Back in the early 90s, when I was still in my teens, I took a diving course during a visit to Curaçao. In a few weeks time I managed to earn my PADI Open Water Diver qualification with the help of the Wederfoort diving school, which is still active today. Half of the course was completed in the water, diving to various depths. The other half was theory learned from the books, something I’ve never excelled at. Yet once again it turned out to be very important.
A Matter of Life and Death
One of the first things we learned was the effect of compressed air underwater. The air we breathe in daily life consists of roughly 21% oxygen and 79% nitrogen. The same goes for the compressed air you take along when diving. While diving underwater, however, the pressure impacts the way our bodies absorb these gasses. The deeper you dive, the more nitrogen your body absorbs. During daily life this doesn’t affect you, yet while diving, the pressure makes your body consume the nitrogen; consuming too much can cause significant harm.
To prevent this, there are guidelines and tables for safe diving practices. These can help you determine how long it is safe to stay underwater, including for multiple dives. One of the things you learn is how to read the diving tables. For specialty dives, special gas mixes are used to prevent the body from consuming too much nitrogen.
So when you go diving, it’s very important to be able to measure the depth and length of your dive. This will help prevent decompression sickness, where the nitrogen absorbed by your body is released too fast, causing bubbles to form in your tissues and blood. While you will probably have proper diving equipment, it’s pretty cool to have these important functions on your wrist as well, even if you just use them as a backup.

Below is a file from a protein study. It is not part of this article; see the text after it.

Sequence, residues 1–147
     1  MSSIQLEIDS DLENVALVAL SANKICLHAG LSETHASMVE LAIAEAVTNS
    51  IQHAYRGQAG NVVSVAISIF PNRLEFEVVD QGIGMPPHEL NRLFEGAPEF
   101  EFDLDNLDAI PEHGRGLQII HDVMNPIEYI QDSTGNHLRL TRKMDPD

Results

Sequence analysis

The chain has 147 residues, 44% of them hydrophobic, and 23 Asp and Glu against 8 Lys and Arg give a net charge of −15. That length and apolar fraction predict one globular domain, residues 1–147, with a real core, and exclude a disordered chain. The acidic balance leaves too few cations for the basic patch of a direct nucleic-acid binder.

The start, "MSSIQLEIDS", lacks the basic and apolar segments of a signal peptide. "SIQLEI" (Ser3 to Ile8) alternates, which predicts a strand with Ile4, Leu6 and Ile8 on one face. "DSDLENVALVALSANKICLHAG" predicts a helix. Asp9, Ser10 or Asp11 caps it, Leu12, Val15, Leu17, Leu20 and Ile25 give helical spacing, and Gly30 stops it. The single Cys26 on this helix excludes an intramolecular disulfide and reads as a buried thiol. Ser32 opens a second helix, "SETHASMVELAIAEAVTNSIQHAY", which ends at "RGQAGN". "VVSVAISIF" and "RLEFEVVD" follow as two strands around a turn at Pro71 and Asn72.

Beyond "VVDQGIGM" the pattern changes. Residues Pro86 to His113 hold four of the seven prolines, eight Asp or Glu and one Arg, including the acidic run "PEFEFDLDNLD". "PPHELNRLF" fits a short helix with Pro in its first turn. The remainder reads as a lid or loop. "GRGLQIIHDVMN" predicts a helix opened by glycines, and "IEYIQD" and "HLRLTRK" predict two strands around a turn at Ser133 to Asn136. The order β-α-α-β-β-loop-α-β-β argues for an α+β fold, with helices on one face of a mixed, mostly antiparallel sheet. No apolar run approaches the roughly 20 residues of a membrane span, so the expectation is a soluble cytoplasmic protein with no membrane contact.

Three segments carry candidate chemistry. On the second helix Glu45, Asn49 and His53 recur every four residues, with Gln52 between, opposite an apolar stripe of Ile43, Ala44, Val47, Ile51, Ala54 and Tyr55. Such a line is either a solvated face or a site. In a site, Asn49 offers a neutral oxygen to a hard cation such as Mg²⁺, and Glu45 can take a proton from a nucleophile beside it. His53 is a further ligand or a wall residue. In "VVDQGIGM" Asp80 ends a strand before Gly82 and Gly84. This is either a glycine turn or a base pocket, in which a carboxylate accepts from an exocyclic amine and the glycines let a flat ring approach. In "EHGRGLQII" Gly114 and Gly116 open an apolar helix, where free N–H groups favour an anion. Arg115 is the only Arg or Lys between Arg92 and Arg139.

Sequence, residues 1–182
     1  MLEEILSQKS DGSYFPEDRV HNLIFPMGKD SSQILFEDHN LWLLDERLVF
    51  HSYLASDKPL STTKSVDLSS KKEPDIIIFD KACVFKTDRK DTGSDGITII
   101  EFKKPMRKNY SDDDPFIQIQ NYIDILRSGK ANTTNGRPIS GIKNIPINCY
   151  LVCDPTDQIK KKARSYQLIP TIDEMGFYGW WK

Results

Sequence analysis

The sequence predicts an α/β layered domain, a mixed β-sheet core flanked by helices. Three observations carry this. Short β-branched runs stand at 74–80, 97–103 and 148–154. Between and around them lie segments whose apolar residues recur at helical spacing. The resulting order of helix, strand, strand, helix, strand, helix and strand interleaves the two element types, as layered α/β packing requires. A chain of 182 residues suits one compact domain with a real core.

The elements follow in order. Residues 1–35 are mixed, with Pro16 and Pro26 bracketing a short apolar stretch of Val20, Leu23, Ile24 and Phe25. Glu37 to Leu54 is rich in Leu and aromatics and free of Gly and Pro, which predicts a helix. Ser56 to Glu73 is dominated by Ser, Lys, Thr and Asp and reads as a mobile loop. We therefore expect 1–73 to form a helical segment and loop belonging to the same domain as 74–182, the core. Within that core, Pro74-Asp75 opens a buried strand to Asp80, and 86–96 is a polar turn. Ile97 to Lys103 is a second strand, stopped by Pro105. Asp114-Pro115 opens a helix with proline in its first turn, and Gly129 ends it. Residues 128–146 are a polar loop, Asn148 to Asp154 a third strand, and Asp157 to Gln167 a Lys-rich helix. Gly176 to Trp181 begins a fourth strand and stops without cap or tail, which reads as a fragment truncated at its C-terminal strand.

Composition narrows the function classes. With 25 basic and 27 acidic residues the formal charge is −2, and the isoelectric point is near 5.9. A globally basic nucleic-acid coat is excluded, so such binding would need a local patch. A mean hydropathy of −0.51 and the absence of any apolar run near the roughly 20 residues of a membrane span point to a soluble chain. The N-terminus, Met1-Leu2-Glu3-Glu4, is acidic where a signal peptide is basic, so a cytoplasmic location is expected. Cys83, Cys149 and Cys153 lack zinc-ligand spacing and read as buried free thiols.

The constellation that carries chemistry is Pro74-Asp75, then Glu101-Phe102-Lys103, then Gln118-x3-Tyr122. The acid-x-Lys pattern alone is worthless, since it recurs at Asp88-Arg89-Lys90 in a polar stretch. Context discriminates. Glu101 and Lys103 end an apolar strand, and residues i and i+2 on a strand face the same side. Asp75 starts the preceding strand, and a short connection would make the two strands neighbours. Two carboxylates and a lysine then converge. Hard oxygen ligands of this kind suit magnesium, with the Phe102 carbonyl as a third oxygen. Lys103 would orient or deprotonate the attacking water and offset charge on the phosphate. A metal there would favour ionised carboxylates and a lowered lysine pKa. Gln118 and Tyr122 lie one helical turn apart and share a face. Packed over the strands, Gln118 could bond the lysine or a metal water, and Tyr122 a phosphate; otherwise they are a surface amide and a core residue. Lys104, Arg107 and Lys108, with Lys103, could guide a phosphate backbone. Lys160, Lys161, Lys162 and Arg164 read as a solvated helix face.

We’ve selected three mechanical watches with fully functional depth gauges that you should consider for your next diving adventure.
IWC Aquatimer Deep Three
Made of lightweight titanium, the IWC Aquatimer Deep Three is the third generation of IWC diving watches featuring mechanical depth gauges with multiple functions, i.e. actual depth, maximum depth, and elapsed diving time. These are all necessary for a safe dive. IWC developed a special mechanism for these functions that works via a set of levers controlled by a membrane that is influenced by the pressure of the water. The maximum depth indicator can be reset at the push of a button.
Like the other dive watches, the IWC’s case measures 46 mm in diameter and has a depth indicator that goes up to a maximum of 50 m. Its waterproofness to 100 m should be enough for the enthusiastic recreational diver even though it’s not enough for a professional diver’s watch. The IWC has a mechanical self-winding movement with a power reserve of 42 hours.
Jaeger-LeCoultre Master Compressor Diving Pro Geographic
The Jaeger-LeCoultre Master Compressor diver is also made of titanium. Waterproof to 300 m, it sits between the Oris and IWC in terms of depth capacity, but wins for power reserve, lasting 48 hours on a fully wound movement.
The depth gauge is mechanical, similar to the IWC, and functions to 80 m below the surface. A hand indicates the actual depth. In addition to the time and depth rating, you also get a GMT-function with this diving watch; convenient for those who travel the globe to dive. At nearly 20 mm, the Jaeger-LeCoultre is the thickest of the three.
Oris Aquis Depth Gauge
The Oris Aquis Depth Gauge has an interesting construction and unique way to measure pressure. There is a cavity in the sapphire crystal along the edge of the dial that allows water to enter. The deeper you go, the higher the water pressure. Thus, more and more water enters the crystal, compressing the available air and indicating how deep you are on the depth gauge. This is a unique construction, which is seemingly quite accurate according to online reviews.
The stainless steel case on this Oris diver measures 46 mm in total and is waterproof to 50 bar (500 m). The watch comes on on stainless steel braceelt or a rubber bracelet with folding clasp featuring a diving extension. The automatic movement has a 38-hour power reserve.
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